The Texas Recreation and Park Society launched the Archery Trade Association’s Explore Bowfishing program at its March conference in hopes of helping instructors, educators and program leaders teach youths basic bowfishing skills.
The program was modeled after ATA’s Explore Bowhunting program, which teaches youths basic bowhunting skills. Both programs fill educational needs that industry leaders identified in the bowhunting market.
Explore Bowfishing launched in West Virginia in October 2016, and gained traction at the January 2017 ATA Trade Show. The ATA and its Texas partners hope the program sweeps through the Lone Star state to reach a new, but existing audience of anglers to boost archery participation statewide.
Explore Bowfishing helps instructors, educators and program leaders teach youths basic bowfishing skills. The program fits into states’ recruitment, retention and reactivation efforts by targeting a new demographic – anglers – while expanding the market for bowfishing-specific archery equipment. Photo Credit: Nicole Nash
Travis Glick, community archery specialist for the Texas Parks and Wildlife Department, coordinates Explore Bowhunting for the state, and attended the TRAPS conference for the Explore Bowfishing workshop. He works with Emily Beach, ATA’s senior director of outreach and education, and other ATA staff to promote archery and bowhunting programs in Texas.
“We really like Explore Bowhunting, and we wanted to keep it going,” Glick said. “Explore Bowfishing looked like a really fun expansion opportunity. We hope it helps promote the sport of bowfishing, especially along the coast.”
Glick also hopes the program gets people interested in archery.
“There are a lot of hunters out there, but people who bowfish aren’t necessarily hunters, so this is an opportunity to expand the archery community,” Glick said. “It will help us reach another demographic.”
Beach agrees. “Explore Bowfishing will bridge the gap between introductory archery programs and hunting, while reaching new consumers in the angling market,” she said. “Bowfishing is a fun, social and interactive activity that can be done at night or during the day. And, often times, people can succeed in bowfishing much quicker than they can in bowhunting because there are more opportunities to shoot, and the season is much longer. When someone gets hooked on the sport, they usually get hooked on the sport of archery altogether. It’s a win-win.”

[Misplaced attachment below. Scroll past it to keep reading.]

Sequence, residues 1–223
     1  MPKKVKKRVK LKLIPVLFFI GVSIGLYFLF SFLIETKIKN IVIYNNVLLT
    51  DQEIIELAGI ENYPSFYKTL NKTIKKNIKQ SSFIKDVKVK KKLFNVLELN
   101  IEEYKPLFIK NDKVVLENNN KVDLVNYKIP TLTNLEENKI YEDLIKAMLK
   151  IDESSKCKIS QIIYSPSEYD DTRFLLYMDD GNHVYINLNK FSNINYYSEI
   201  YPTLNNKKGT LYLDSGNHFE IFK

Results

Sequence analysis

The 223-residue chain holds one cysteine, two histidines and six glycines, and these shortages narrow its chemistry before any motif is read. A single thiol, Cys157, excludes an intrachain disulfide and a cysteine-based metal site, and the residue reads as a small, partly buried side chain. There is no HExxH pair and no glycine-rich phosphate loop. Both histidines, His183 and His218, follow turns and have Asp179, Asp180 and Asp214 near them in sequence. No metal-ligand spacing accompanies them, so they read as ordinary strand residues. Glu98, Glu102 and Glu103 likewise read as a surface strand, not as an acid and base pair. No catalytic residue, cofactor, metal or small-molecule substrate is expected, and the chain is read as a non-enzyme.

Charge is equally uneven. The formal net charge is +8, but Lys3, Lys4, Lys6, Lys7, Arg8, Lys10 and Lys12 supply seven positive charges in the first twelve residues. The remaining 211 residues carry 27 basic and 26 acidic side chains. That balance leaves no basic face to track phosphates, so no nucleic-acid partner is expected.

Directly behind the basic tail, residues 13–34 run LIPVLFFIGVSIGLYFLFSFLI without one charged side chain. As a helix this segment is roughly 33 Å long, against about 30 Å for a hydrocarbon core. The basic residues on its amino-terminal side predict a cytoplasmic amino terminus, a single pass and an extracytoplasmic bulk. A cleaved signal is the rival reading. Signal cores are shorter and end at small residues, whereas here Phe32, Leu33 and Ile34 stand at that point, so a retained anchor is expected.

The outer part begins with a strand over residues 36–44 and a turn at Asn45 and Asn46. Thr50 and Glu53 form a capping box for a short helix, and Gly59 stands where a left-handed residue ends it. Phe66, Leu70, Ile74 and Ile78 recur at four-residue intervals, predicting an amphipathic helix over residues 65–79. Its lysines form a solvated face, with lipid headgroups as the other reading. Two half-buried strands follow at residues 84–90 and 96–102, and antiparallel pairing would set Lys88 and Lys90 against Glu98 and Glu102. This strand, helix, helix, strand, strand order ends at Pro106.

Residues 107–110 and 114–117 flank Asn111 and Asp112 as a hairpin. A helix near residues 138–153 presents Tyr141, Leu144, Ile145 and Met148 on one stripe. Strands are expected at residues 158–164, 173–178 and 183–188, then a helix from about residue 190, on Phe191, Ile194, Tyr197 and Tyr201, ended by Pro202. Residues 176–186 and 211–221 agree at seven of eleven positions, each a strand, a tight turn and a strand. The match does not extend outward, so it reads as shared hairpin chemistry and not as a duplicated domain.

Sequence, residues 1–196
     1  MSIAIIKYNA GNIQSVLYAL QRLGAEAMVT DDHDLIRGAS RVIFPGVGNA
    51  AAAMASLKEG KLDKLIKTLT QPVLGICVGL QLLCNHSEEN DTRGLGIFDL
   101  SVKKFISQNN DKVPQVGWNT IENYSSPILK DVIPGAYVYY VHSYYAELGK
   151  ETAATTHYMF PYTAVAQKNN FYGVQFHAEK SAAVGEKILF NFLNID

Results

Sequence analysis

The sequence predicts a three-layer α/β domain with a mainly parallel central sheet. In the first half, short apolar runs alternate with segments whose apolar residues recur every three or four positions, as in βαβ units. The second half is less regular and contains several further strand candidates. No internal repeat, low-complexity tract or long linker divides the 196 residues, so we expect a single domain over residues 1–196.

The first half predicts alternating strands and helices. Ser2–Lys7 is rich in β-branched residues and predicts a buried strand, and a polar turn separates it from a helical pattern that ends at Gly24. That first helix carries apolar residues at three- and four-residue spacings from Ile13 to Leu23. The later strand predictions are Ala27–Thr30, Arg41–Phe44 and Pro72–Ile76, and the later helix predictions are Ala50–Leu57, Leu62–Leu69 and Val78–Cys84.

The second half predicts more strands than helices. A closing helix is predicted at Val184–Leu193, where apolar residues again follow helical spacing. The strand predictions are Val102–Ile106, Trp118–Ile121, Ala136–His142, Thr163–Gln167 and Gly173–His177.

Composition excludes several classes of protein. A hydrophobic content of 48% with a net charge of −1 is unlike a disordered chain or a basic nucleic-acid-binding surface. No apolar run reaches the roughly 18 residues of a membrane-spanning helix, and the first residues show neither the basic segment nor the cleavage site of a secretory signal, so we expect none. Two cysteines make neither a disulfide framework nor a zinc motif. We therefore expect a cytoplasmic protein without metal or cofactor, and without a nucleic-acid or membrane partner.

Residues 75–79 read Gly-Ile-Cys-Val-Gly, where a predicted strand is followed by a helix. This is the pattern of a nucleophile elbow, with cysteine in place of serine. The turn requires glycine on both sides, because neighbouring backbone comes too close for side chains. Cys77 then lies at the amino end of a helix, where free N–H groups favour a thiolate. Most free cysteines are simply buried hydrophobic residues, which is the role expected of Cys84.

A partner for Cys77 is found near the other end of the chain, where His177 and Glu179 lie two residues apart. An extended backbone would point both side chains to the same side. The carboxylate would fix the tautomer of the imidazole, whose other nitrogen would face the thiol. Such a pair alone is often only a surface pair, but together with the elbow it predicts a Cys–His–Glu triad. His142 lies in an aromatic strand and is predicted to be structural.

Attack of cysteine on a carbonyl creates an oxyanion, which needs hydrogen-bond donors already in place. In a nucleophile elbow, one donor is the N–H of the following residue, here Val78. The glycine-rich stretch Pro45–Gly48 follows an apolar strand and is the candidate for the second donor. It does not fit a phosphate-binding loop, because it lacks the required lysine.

Glick and his state-agency counterparts are enthusiastic about the program. They plan to introduce Explore Bowfishing to educators this summer and fall so it can be added to outdoor education programs as soon as possible.
The Texas team expects schools to teach the program. They also expect it will help parks and recreational centers offer more opportunities for people to try archery and bowfishing. Meanwhile, Explore Bowfishing should help state wildlife agencies in other ways.
Bowfishing is a fun, social and interactive activity that can be done at night or during the day. Often times, people can succeed in bowfishing much quicker than they can in bowhunting because there are more opportunities to shoot. Photo Credit: Paul Sherar/ATA
“Explore Bowfishing and Explore Bowhunting fit perfectly into a state’s recruitment, retention and reactivation efforts,” Beach said. “Plus, the program will create revenue for state agencies through license sales and equipment purchases, which generate funds through federal excise taxes. Those FET revenues return to states through the Pittman-Robertson Act.”
Although Explore Bowfishing remains in the pilot stages, state wildlife agencies and ATA members now have access to the program. As state agencies jump aboard, ATA’s outreach team will visit them to teach workshops that prepare educators and instructors to launch the program.
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If you’re interested in acquiring the program for your state or archery shop, please contact Josh Gold, ATA’s education programs manager, at firstname.lastname@example.org or (321) 537-3140.